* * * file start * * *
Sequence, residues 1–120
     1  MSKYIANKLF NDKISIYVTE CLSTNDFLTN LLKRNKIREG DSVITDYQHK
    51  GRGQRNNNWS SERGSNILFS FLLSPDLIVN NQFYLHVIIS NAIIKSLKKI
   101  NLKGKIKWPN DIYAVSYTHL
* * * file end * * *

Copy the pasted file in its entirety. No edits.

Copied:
Sequence, residues 1–120
     1  MSKYIANKLF NDKISIYVTE CLSTNDFLTN LLKRNKIREG DSVITDYQHK
    51  GRGQRNNNWS SERGSNILFS FLLSPDLIVN NQFYLHVIIS NAIIKSLKKI
   101  NLKGKIKWPN DIYAVSYTHL